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Animated Movies People Still Don't Understand

We're living through a golden age of animation on the big screen with incredible pieces of art like "Puss in Boots: The Last Wish," "Turning Red," and "Guillermo del Toro's Pinocchio" pushing boundaries of what can be done with the medium. Despite how visually impressive they are, most of these more mainstream animated movies are pretty straightforward in terms of plot and themes. Nobody walks out of a screening of "Encanto" confused about what happened in the story or what the lesson to be learned is.

In some ways, animated movies are limited by their association with children's entertainment and the restrictions therein. While these movies can be visually dazzling and emotionally moving, it sometimes comes at the cost of filmmakers doing things that are genuinely unexpected. Animation can allow storytellers to be truly unchained from the laws of reality since they can create anything they can imagine without worrying about practicality.

Thanks to the beauty of animation as a medium, there are countless animated movies out there that do different things with the form than mainstream Disney fare. Some of these you may have heard of before, and others might be totally alien to you, but either way, they're definitely worth watching even if audiences still have a hard time figuring out what's going on in them. Read on to find out all the animated movies people still don't understand.


It wasn't too long ago when the Tim Burton-produced CG-animated film "9" hit theaters to resoundingly mediocre reception. This was a movie that had a lot going for it before release, including a star-studded voice cast and a seemingly interesting post-apocalyptic premise. It featured the talent of performers such as John C. Riley, Jennifer Connelly, Christopher Plummer, Crispin Glover, and Martin Landau in starring roles as creepy little robot dolls reanimated in a post-apocalypse.

"9" is centered around a doll named 9 who must fight against an evil artificial intelligence that has destroyed all life on Earth. While the movie had interesting concepts and ideas, it failed to present them in a coherent way, especially in a way that kids could understand. The story focused on nine self-conscious rag dolls, called "Stitchpunks," which contained different aspects of their scientist's creator's soul (via Gizmodo). 9 himself (voiced by Elijah Wood) is based on their creator's inherent humanity and functions as the heart of the team. Other stitchpunks instead have traits like healing, fighting, fear, creativity, and arrogance which are all meant to work together in unison. While this may seem interesting on the surface, "9" struggles to explain these complex ideas in an engaging way.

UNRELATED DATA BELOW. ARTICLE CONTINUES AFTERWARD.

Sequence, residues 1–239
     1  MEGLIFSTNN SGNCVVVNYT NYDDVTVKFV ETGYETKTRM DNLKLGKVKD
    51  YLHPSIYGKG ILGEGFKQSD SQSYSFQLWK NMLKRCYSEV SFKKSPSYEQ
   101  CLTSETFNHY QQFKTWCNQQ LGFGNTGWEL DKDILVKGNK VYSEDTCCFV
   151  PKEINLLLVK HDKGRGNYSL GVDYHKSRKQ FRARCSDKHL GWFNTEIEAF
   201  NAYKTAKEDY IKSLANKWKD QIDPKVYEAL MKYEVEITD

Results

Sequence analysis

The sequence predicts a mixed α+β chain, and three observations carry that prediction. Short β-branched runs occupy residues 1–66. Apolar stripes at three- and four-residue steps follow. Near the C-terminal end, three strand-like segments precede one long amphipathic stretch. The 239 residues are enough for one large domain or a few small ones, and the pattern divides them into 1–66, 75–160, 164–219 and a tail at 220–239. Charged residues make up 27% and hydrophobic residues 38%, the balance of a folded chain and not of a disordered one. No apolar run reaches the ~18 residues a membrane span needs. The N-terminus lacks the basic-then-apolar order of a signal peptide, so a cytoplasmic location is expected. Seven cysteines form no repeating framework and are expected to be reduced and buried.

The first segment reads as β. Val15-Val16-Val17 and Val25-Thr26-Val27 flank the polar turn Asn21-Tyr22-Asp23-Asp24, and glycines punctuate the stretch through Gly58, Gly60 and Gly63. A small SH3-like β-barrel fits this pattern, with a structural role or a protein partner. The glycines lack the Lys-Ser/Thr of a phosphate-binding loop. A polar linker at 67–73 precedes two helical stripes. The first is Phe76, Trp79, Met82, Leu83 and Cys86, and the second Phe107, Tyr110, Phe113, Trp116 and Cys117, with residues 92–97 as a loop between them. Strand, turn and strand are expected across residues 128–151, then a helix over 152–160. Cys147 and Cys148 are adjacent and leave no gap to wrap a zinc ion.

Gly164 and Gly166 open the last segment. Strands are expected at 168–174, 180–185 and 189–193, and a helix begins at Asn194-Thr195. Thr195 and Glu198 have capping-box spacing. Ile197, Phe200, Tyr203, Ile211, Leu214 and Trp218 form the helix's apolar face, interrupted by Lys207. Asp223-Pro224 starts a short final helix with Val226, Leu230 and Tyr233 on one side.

Fantastic Planet

When it comes to really weird experimental animated films, it doesn't get more iconic than René Laloux's "Fantastic Planet." This 1973 piece of science fiction was a unique co-production between French and Czechoslovakian filmmakers centered around humans in the far future living on a planet controlled by gigantic blue humanoids. Humans in this world are treated as pets, and the plot mainly focuses on the relationship between the alien Tiwa and a human child taken in as a pet, named Terr.

"Fantastic Planet" is a gorgeous, strange, and appropriately fantastic film that nonetheless confuses many audiences thanks to its deeper subtext. The entire movie is an allegorical story representing many social issues such as animal rights abuses, racism, and human rights in general. Much of this can be lost on viewers who don't fully understand the connection between the mesmerizing visuals of "Fantastic Planet" and their connection to these deeper themes. It certainly doesn't help that the English-language dub of the film completely altered parts of the dialogue and story in an attempt to make it more "kid-friendly" (via TV Guide). So, if you give "Fantastic Planet" a try make sure to watch it in the original French release.

Titanic: The Legend Goes On

Yeah, you're reading this right. Somebody actually made an animated musical comedy about the Titanic sinking. This is real. Camillo Teti's "Titanic: The Legend Goes On" is an Italian re-imagining of this actual historical event with the addition of creative liberties such as talking animals and musical numbers. Obviously spinning off the success of James Cameron's 1997 blockbuster, "Titanic," this movie baffled the minds of anyone who watched it because of how unbelievably bad it was.